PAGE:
Embryo Culture

Embryo culture in the laboratory has improved greatly in the last five years.

In the earlier, developmental days of in vitro fertilization, various types of media were used without a clear understanding of which essential ingredients were missing from the growth media. In addition, it was unknown as to which elements present in the media were actually detrimental to the early development of embryos. These factors contributed to the slow and incomplete development of the embryos grown in the laboratory at that time. Today, there is a more thorough understanding of the nutrient requirements of embryos in their early stages. Also, there is a more thorough understanding that quality embryo growth in the lab depends on the conditions present in the entire culture system.

The first improvement in embryo culture systems that increased the quality of embryos grown in the IVF lab and led to today’s more complete culture media was the use of a technique known as co-culture. This technique was introduced to human IVF labs in 1985. It involved the growth of human embryos in Petri dishes with a variety of other cell types in order to provide added elements to the simple culture media. It was not fully understood at the time if these cells were actually providing a set of missing ingredients or were simply removing some undesirable waste product of the embryos. Regardless, the outcome was that embryos were growing at a consistently faster rate with a resulting higher pregnancy rate. The more successful and, thus, more popular cell types used with human embryos at that time included fetal calf uterine cells, monkey cells, follicular cells and endometrial cells from the patient and the group culture of several embryos within the same drop of simple media.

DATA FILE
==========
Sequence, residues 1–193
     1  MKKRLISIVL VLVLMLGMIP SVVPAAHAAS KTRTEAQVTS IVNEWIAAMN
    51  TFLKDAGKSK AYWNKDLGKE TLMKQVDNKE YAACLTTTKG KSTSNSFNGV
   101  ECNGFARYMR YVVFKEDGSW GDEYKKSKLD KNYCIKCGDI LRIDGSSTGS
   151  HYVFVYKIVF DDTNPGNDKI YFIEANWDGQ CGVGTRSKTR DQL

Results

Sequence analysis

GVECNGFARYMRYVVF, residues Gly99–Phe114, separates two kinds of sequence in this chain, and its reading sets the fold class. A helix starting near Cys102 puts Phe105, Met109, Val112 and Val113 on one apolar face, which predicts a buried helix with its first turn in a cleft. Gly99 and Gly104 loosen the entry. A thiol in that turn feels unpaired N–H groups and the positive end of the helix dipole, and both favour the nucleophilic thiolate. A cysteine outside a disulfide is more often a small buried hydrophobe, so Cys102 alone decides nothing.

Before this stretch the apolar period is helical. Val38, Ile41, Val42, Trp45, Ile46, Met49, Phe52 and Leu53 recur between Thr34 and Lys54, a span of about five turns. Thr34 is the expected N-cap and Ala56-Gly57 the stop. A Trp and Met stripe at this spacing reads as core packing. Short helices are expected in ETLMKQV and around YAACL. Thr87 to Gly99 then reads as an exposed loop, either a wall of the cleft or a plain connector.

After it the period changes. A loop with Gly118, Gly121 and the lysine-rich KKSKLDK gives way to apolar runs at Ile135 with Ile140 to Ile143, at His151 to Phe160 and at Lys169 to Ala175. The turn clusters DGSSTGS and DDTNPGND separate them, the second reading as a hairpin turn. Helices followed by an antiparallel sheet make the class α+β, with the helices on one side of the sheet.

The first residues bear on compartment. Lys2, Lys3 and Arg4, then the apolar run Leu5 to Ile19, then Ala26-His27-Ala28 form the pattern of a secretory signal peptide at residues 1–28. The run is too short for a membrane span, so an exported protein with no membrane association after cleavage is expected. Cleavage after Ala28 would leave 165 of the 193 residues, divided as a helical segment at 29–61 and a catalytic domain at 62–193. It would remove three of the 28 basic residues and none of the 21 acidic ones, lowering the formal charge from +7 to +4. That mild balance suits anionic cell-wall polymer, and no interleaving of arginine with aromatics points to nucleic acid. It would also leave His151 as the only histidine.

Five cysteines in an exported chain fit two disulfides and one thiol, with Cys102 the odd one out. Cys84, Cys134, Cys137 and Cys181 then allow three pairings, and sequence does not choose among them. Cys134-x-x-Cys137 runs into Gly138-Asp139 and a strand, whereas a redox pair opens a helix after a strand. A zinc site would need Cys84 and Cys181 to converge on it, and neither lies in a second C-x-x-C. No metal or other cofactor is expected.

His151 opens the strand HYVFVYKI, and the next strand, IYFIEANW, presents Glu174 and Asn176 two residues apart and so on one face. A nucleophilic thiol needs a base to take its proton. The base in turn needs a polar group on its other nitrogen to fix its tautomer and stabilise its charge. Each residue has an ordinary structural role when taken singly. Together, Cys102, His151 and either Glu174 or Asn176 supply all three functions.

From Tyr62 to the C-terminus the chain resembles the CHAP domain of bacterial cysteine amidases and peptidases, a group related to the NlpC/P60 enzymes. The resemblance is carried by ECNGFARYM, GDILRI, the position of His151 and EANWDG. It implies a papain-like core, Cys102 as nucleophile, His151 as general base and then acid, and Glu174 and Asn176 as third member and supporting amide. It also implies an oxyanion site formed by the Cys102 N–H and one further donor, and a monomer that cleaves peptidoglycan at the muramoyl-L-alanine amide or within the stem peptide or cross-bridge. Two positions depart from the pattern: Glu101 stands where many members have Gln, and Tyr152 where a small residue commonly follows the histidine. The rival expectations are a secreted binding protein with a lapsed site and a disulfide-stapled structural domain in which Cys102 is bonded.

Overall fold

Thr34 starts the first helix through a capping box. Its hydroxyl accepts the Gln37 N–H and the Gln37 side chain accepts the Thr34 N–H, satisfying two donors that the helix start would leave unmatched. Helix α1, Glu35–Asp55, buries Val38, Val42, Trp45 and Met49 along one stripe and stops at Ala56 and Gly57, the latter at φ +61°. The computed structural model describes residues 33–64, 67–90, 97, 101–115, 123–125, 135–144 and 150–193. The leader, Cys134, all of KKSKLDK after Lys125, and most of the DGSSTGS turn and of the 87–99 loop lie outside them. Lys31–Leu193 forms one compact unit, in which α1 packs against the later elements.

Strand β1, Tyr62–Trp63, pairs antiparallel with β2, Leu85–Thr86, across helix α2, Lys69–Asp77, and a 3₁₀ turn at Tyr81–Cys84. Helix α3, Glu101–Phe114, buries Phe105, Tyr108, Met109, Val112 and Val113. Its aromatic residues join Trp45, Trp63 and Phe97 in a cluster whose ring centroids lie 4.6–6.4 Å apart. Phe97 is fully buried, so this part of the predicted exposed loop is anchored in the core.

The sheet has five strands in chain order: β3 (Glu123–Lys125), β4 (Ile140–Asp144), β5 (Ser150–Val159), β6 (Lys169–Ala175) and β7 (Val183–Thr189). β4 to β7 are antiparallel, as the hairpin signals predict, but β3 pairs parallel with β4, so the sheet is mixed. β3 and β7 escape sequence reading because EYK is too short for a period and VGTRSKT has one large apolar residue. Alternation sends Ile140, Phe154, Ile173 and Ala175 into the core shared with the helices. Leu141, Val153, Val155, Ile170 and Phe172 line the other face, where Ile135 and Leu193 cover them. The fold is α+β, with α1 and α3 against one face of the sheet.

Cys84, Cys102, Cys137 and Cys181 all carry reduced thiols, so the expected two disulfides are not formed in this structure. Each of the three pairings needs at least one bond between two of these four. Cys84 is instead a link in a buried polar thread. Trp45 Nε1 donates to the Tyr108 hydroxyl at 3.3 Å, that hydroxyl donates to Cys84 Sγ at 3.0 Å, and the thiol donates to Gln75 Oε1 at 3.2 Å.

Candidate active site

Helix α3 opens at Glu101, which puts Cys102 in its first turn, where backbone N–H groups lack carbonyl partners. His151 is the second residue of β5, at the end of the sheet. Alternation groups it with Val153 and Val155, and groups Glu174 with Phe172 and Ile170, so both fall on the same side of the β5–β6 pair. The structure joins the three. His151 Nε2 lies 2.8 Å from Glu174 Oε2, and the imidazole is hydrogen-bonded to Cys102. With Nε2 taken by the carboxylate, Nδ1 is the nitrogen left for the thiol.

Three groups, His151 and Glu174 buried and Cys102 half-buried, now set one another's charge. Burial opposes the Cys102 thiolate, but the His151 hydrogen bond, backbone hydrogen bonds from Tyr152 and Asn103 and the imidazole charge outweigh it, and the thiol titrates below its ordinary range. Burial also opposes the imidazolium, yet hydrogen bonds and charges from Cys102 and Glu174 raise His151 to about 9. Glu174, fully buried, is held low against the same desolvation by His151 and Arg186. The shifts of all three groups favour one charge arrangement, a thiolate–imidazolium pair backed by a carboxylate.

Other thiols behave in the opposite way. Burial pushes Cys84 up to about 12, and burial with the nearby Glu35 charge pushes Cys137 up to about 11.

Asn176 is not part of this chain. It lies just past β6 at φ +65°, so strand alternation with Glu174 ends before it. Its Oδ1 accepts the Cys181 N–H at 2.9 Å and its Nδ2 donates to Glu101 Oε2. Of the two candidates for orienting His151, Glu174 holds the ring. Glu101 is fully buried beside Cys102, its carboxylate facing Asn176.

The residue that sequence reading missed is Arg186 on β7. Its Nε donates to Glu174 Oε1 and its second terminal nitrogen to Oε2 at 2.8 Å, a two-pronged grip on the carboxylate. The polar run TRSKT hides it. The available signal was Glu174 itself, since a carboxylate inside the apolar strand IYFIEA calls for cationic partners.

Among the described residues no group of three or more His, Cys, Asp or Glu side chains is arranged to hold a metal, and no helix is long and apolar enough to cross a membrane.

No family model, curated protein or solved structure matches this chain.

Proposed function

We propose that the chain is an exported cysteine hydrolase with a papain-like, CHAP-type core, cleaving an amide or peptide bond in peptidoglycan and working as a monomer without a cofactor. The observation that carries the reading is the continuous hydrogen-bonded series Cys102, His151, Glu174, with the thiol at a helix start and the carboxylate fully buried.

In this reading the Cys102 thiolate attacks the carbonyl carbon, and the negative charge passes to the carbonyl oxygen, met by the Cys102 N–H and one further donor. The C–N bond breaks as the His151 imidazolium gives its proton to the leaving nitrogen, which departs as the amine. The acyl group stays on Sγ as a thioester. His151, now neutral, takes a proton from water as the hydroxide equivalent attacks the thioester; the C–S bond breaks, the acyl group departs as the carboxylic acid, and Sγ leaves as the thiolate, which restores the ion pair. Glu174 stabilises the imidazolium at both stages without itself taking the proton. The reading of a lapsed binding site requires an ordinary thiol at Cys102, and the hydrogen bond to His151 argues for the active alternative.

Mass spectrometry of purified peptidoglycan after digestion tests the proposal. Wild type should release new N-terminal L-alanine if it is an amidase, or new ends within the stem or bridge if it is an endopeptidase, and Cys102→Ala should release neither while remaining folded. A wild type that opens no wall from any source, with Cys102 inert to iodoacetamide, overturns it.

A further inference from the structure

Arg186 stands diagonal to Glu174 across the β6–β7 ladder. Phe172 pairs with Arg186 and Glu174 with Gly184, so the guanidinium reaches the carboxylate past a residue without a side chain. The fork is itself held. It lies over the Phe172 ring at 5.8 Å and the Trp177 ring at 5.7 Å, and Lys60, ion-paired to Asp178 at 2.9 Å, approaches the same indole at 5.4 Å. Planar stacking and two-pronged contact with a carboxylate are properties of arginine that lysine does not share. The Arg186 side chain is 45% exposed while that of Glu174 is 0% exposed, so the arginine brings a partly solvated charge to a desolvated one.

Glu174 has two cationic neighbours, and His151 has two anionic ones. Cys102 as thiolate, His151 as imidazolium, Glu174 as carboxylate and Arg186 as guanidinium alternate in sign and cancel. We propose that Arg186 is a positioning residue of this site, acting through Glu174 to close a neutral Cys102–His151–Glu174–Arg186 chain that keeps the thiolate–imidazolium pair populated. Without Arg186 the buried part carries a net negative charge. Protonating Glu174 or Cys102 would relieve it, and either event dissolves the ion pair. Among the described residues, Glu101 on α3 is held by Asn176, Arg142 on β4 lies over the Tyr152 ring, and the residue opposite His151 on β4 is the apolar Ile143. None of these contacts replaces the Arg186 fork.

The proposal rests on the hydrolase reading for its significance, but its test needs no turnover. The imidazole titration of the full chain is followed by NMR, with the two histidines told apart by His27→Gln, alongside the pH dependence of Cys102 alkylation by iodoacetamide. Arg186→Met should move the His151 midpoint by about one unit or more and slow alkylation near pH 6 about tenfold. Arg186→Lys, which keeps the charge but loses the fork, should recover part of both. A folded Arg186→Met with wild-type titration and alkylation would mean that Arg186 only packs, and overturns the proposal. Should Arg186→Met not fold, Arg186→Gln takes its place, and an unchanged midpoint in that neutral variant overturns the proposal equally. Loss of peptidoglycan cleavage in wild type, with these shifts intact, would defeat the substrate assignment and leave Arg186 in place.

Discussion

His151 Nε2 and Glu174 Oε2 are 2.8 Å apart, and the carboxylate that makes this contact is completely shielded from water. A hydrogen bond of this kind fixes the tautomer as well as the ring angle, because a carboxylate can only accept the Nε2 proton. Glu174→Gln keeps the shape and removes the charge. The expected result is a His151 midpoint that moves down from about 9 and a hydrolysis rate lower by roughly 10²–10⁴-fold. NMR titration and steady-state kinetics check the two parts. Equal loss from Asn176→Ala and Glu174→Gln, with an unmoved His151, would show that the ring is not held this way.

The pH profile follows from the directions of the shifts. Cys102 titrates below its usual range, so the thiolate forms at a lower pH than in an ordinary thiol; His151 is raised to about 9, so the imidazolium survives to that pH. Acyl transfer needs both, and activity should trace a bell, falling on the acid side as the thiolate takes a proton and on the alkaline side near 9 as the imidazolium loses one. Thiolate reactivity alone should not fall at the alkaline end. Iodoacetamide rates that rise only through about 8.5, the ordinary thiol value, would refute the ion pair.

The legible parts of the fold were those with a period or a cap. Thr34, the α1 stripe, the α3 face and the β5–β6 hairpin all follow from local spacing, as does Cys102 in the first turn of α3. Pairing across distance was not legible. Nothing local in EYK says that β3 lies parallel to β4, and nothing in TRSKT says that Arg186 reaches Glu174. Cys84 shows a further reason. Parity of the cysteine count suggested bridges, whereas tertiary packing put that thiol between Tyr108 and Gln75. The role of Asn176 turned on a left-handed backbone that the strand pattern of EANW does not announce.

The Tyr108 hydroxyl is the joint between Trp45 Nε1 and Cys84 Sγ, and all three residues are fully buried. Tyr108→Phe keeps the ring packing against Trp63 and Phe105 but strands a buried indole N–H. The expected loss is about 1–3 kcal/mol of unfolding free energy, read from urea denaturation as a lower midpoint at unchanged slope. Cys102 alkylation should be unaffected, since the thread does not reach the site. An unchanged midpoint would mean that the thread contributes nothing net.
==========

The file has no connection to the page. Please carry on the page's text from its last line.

The current improvements in culture media used in IVF came as a result of the work of several researchers who analyzed the composition of tissue fluids from the female reproductive tract. They found significant differences in the energy sources available to embryos in the fallopian tubes from those energy sources available to them in the uterus. These differences that they noted in available nutrients in the reproductive tract led to another observation; how animal embryos developed faster and more completely in the lab if the media composition in which they grew changed to more closely resemble what they would be growing in while the fallopian tube and then, in the uterus.

The success of experiments in the growth of animal embryos led to the development of sequential culture media for human embryos. Sequential media are manufactured now by companies that concentrate on the needs for human embryos in all of their stages of growth while they are in the laboratory environment. These sequential media attempt to mimic the changing environment and needs that the human embryo experiences while developing in the fallopian tubes and in the uterus. Further, the use of an entire line of sequential media and their related products from a single manufacturer decreases the stress on embryos growing in a laboratory environment by keeping the pH and osmolarity more constant throughout their time in the laboratory.

In today’s IVF lab, the various elements necessary for successfully culturing human embryos are known as a culture system. This is because the use of each element is only successful if it is paired with other elements that complement the system as a whole. The culture system includes the sequential media, culture oil, the use of Petri dishes and the configuration of the media drops within them, the incubator environment, the environment experienced by the embryos while they are outside of the incubator and the air environment within the laboratory.